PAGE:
ADDIS ABABA, Ethiopia – The government said two airports in the state bordering Tigray, where Ethiopian troops are fighting local forces, were targets of missile launches late Friday, as the ongoing conflict widened the region for 11 days.
The government said the two targeted airports were in Amhara State. The government said one of them – Gondar Airport – was hit on Friday, while another missile – Bahr Dar Airport – missed the target.
The ruling Tigrayan Party, the Tigray People’s Liberation Front, said that the Tigrayans Defense Forces fired missiles from two military bases in Bahr Dar and Gondar in response to airstrikes carried out by Prime Minister Abiy Ahmed’s forces in separate areas of the state.
“As long as the attacks on the Tigrayans do not stop, the attacks will intensify,” said Getacio Raza, a spokesman for the Tigray People’s Liberation Front, in a statement on the Facebook page of the Tigray State Communications Office.
Mr Abiy sent the Ethiopian Armed Forces in an attack against local forces in Tigray last week, after they were accused of attacking federal forces. Hundreds have been killed in the expanding conflict.
The Prime Minister said that government warplanes bomb military targets in Tigray, including weapons and equipment depots controlled by local forces in Tigray. The government says its military operations are aimed at restoring the rule of law in the mountainous country of 5 million people.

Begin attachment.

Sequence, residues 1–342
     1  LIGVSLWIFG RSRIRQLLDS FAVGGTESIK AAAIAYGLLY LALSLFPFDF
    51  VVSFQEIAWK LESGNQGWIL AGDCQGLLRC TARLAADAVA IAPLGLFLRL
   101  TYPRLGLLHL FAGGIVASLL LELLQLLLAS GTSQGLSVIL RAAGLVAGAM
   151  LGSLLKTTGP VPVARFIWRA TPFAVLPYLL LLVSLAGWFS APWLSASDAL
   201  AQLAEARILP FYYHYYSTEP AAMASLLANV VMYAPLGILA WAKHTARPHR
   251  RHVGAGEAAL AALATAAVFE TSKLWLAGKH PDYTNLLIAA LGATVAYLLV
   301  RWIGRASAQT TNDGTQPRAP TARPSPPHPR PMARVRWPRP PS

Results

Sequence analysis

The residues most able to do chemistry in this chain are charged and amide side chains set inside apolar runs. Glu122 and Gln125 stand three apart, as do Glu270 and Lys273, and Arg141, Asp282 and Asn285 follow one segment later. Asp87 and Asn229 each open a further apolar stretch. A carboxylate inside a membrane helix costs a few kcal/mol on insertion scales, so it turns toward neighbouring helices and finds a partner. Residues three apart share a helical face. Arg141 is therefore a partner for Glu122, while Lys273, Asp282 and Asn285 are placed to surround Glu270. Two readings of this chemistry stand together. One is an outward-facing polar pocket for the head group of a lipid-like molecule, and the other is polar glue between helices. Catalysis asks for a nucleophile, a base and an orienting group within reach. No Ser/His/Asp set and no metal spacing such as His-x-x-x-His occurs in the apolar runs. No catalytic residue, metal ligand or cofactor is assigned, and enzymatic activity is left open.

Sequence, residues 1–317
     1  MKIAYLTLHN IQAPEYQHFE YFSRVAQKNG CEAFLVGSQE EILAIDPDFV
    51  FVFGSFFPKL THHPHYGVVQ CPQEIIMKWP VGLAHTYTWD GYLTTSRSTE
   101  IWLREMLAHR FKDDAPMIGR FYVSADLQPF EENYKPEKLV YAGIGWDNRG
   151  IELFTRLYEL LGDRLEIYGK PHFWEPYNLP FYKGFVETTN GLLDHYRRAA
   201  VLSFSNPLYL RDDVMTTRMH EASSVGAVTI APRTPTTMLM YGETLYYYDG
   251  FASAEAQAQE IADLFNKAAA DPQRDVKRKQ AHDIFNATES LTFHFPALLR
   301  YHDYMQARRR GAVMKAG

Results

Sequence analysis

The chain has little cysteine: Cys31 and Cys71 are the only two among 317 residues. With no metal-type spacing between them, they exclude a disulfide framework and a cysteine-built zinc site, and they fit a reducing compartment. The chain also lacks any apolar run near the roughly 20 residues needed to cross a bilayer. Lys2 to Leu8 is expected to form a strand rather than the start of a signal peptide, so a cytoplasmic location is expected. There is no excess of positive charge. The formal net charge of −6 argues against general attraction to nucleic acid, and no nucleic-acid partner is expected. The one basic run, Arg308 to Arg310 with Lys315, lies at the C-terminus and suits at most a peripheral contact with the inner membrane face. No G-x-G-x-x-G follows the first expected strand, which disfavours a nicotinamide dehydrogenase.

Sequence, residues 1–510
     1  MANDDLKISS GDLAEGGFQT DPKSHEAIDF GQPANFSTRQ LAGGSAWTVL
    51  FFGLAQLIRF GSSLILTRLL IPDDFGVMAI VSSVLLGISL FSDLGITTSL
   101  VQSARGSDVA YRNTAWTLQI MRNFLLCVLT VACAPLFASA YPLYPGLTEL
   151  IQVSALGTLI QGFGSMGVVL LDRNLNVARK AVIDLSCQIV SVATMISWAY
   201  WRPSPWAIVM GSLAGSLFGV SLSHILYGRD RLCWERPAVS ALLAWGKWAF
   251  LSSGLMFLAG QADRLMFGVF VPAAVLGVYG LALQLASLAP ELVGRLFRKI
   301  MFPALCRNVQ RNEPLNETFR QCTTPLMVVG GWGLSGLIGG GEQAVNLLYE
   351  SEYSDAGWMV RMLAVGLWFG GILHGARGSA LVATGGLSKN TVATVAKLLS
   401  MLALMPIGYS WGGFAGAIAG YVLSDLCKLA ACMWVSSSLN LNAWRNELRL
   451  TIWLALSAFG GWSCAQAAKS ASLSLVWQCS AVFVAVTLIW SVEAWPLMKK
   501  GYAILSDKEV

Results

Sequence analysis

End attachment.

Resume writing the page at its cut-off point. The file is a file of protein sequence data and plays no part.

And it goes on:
Awok Worko, a spokeswoman for Gondar Central, said that a missile that hit Gondar Airport partially damaged it, while a second missile fired simultaneously outside the airport fell in Bahir Dar.
“The Military Council of the TPLF is using the last weapons in its arsenals,” the Ethiopian government’s emergency squad wrote on Twitter.
Amhara provincial forces were fighting alongside their federal counterparts against Tigrayans.
Johannes Ailey, a resident of Gondar, said that he heard an explosion in the Azzo neighborhood of the city at 10:30 p.m.
Another resident said that the missile destroyed the airport terminal building. The resident added that the area was closed and fire engines were parked outside.
The United Nations, the African Union and others are concerned that the fighting could spread to other parts of Ethiopia, Africa’s second most populous country, and destabilize the wider Horn of Africa region.
More than 14,500 people have fled to neighboring Sudan, the United Nations High Commissioner for Refugees said on Friday, where the speed of the new arrivals is outpacing the current capacity to provide assistance.
The Ethiopian Human Rights Commission said it will send investigators to Mai Kadra town in Tigray, where Amnesty International this week reported what it said was evidence of mass killings.